About the Excavations

HYAP 2007. Unit H724. Profile E. 11/15/07
Unit H724 Profile

map with excavation markedFor archaeologists, context is everything. The spatial relationship among soil layers underground is called "stratigraphy." As we excavate we ask: Where did an artifact come from? How deep was it? In what kind of soil was it found? With what other objects was it found?

Explore the stratigraphy of excavation unit H724, located in Harvard Yard near what is today Matthews Hall, the presumed location of the Indian College in the seventeenth century. The hole measured 1 x 1 x 1.66 m deep.


Unit Profile

Scale: 10 cm = 1 cm.


• I (0-52 cm deep): 21st-century sod and topsoil; modern, disturbed fill; mixed period artifacts, including architectural materials from the construction of Matthews Hall in 1871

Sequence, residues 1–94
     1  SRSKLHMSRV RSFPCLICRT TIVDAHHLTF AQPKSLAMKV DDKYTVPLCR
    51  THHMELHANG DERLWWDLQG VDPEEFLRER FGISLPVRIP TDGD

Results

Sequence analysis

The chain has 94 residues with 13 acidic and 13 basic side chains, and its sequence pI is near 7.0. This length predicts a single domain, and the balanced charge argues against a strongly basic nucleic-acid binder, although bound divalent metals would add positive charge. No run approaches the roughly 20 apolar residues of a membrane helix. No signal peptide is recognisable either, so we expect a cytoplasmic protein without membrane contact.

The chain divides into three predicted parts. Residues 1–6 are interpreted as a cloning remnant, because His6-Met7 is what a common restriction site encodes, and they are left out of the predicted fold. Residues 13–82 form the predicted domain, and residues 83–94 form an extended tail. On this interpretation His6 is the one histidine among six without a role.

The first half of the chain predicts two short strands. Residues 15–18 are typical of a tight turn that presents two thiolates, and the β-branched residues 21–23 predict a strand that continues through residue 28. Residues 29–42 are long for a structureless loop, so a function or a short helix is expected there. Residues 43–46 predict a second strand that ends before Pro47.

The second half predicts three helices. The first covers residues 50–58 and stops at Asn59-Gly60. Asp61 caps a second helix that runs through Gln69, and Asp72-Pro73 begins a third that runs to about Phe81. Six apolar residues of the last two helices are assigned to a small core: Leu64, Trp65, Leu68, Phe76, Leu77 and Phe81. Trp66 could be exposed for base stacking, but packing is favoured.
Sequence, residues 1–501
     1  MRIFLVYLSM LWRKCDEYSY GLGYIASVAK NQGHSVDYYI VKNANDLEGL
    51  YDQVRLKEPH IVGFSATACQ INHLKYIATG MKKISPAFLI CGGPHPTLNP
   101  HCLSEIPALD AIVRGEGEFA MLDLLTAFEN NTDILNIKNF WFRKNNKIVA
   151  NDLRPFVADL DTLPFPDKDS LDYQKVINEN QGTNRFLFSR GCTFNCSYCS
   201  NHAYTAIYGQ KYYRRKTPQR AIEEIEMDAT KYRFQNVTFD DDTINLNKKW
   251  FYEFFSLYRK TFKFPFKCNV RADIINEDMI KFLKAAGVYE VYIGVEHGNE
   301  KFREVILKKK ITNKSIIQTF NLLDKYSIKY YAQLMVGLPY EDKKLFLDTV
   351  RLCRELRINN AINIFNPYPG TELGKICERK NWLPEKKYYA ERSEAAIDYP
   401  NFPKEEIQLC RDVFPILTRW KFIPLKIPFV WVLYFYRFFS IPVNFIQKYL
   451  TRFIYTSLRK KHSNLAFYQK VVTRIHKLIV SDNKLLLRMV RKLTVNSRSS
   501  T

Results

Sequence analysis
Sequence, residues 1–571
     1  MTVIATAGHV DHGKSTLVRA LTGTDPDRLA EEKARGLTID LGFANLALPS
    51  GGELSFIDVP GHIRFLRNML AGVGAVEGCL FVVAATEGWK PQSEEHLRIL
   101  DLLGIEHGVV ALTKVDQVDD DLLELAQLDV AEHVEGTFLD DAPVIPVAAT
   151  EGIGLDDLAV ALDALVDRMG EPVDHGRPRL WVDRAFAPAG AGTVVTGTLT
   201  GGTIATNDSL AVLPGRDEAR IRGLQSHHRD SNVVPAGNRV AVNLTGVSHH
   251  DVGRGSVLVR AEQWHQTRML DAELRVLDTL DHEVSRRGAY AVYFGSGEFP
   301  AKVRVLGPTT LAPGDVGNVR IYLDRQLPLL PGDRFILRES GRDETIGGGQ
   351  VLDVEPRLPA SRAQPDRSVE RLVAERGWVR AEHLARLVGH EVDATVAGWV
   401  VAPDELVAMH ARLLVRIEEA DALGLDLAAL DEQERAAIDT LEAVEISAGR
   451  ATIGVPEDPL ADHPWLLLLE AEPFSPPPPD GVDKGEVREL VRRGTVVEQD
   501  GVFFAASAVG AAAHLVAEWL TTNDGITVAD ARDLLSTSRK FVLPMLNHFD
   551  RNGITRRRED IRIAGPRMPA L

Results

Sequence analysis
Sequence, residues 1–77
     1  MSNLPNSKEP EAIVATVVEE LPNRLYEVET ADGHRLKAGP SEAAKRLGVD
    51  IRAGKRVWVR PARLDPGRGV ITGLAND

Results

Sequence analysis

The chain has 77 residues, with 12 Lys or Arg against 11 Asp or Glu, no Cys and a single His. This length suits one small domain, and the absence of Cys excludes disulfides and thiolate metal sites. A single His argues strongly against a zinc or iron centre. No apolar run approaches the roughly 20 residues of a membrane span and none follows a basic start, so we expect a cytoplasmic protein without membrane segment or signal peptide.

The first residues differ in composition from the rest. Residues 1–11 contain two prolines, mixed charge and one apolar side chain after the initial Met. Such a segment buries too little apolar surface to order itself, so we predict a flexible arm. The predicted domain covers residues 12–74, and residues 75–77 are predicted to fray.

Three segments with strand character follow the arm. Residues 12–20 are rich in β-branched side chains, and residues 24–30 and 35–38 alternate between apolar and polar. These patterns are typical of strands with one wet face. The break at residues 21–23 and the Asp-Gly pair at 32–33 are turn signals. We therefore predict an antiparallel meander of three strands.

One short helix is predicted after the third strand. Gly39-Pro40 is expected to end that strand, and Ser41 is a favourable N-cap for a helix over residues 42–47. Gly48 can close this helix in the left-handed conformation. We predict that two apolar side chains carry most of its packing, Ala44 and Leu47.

• II (52-60 cm deep): 19th- or 20th-century compact buried land surface; architectural debris/coal/clinker; perhaps the site of a temporary structure or outbuilding

• III (60-69.5 cm deep): 19th-century loose sandy fill; a result of landscaping/land management; nearly no artifacts

• IV (69.5-73.5 cm deep): late 18th/early 19th-century trashy accumulated yard surface; the small size of artifact fragments indicates trampling; a variety of ceramic sherds, pipe stems, and building materials

• V (73.5-91 cm deep): late 18th/early 19th-century trashy yard surface; different soil and noticeably more architectural debris than IV

• VI (91-101 cm deep): 18th-century trashy yard surface; different soil; earlier and larger ceramics than IV or V

• VII (101-127 cm deep): 17th-century rock-filled trench (drainage? construction?) and trash deposit; artifacts include architectural finds (roof tiles, soft brick, glass), unusual amounts of animal bone, and a piece of print type

• VIII (127-166 cm deep): 17th-century silty yellow soil under trench; building and other materials include glass, turned window lead, and charcoal

Soil profile measured by Kristen Blagg. Recorded by Sakura Christmas & Emily Pierce.